Impact of environmental radiation on the health and reproductive status of fish from Chernobyl

Lerebours, Adélaïde and Gudkov, Dmitri and Nagorskaya, Liubov and Kaglyan, Alexander and Rizewski, Viktor and Leshchenko, Andrey and Bailey, Elizabeth H. and Bakir, Adil and Ovsyanikova, Svetlana and Laptev, Gennady and Smith, Jim T. (2018) Impact of environmental radiation on the health and reproductive status of fish from Chernobyl. Environmental Science & Technology . ISSN 1520-5851 (In Press)

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Abstract

Aquatic organisms at Chernobyl have now been chronically exposed to environmental radiation for three decades. The biological effects of acute exposure to radiation are relatively well documented, but much less is known about the long - term effects of chronic exposure of organisms in their natural environment. Highly exposed fish in freshwater systems at Chernobyl showed morphological changes in their reproductive system in the years after the accident. However, the relatively limited scope of past studies did not allow robust conclusions to be drawn. Moreover, the level of the radiation dose at which significant effects on wildlife occur is still under debate. In the most comprehensive evaluation of the effects of chronic radiation on wild fish populations to date, the present study measures specific activities of 137Cs, 90Sr and transuranium elements (238Pu, 239,240Pu and 241Am), index conditions, distribution and size of oocytes, as well as environmental and biological confounding factors in two fish species perch (Perca fluviatilis) and roach (Rutilus rutilus) from seven lakes. In addition, relative species abundance was examined. The results showed that both fish species are, perhaps surprisingly, in good general physiological and reproductive health. Perch, however, appeared to be more sensitive to radiation than roach: in the most contaminated lakes, a delay of the maturation of the gonads and the presence of several undeveloped phenotypes were evident only for perch and not for roach.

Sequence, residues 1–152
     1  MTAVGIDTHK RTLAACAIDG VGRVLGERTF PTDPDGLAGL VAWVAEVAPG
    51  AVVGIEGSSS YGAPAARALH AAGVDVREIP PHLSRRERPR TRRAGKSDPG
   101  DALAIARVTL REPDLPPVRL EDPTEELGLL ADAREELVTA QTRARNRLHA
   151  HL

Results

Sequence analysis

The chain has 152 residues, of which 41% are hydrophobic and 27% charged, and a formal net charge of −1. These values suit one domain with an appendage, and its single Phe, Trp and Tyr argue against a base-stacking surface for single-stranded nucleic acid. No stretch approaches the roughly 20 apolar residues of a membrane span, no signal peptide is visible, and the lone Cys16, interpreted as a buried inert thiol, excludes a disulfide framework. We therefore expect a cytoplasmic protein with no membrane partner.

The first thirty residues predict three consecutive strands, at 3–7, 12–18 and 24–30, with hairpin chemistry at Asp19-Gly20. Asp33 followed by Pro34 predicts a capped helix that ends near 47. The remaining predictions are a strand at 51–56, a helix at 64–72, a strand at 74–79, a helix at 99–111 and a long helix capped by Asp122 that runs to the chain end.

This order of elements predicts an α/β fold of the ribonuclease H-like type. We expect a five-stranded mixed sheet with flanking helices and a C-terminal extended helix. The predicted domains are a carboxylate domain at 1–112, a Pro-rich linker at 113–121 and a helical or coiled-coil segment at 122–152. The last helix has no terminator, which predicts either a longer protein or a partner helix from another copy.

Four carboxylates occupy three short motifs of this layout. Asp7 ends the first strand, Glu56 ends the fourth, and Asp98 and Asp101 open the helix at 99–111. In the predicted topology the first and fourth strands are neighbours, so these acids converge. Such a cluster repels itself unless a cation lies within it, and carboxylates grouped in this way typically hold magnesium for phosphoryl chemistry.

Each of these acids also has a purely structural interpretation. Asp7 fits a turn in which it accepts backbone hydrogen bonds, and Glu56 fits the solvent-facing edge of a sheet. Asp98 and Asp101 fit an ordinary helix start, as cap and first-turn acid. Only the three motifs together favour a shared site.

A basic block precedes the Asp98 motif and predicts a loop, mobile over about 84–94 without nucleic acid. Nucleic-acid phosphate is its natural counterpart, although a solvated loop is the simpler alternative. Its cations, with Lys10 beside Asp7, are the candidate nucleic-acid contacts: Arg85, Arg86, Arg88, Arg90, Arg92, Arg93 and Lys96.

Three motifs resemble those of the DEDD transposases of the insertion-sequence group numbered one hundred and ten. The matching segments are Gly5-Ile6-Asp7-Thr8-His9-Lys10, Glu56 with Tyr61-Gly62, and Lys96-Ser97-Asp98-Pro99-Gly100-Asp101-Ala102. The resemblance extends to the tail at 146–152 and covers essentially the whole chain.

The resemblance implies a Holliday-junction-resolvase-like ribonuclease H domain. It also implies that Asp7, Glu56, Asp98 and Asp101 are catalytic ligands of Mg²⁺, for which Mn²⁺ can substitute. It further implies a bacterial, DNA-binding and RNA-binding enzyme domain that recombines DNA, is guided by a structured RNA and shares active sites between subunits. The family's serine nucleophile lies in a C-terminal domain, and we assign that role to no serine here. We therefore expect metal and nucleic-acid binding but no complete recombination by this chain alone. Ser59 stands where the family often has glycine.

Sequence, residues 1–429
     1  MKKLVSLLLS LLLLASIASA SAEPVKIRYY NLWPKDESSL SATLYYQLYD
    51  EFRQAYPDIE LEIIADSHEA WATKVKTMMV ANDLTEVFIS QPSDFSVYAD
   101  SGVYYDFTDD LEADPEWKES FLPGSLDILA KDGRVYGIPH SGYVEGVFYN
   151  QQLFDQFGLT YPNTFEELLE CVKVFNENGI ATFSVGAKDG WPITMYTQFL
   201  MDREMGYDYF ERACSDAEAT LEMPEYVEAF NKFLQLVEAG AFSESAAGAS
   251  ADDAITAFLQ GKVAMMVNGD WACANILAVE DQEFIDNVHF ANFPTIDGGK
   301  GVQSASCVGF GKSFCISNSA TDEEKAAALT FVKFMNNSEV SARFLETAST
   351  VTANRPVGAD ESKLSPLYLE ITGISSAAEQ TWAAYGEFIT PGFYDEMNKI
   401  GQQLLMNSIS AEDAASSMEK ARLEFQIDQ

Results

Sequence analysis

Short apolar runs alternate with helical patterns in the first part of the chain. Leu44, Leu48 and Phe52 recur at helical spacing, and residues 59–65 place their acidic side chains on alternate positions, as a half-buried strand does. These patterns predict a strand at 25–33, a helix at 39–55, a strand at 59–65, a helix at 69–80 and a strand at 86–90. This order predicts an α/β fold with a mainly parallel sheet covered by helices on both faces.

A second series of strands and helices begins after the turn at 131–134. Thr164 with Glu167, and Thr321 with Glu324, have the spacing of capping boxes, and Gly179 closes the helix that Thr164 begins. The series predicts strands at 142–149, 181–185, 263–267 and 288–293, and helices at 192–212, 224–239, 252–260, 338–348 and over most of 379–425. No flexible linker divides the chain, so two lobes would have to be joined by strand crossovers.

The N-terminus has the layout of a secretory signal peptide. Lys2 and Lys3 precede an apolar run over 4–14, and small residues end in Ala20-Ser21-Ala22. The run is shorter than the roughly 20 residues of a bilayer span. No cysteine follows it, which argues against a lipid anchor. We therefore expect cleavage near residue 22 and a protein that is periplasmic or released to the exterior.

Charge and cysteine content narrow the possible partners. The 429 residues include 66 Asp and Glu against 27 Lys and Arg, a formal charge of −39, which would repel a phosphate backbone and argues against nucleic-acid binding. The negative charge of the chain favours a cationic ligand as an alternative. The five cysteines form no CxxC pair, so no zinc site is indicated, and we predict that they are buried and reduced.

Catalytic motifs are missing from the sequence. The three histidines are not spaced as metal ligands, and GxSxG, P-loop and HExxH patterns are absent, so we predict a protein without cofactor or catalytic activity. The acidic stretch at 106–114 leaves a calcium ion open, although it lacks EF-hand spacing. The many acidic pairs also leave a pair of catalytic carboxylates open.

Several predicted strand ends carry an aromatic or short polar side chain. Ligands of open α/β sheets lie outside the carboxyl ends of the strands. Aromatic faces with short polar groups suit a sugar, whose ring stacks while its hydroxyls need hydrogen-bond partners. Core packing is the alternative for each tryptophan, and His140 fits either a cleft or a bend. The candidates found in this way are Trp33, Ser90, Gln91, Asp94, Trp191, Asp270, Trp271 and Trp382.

Item Type: Article
RIS ID: https://nottingham-repository.worktribe.com/output/947462
Schools/Departments: University of Nottingham, UK > Faculty of Science > School of Biosciences
Depositing User: Eprints, Support
Date Deposited: 23 Jul 2018 12:11
Last Modified: 04 May 2020 19:47
URI: http://eprints.nottingham.ac.uk/id/eprint/53088

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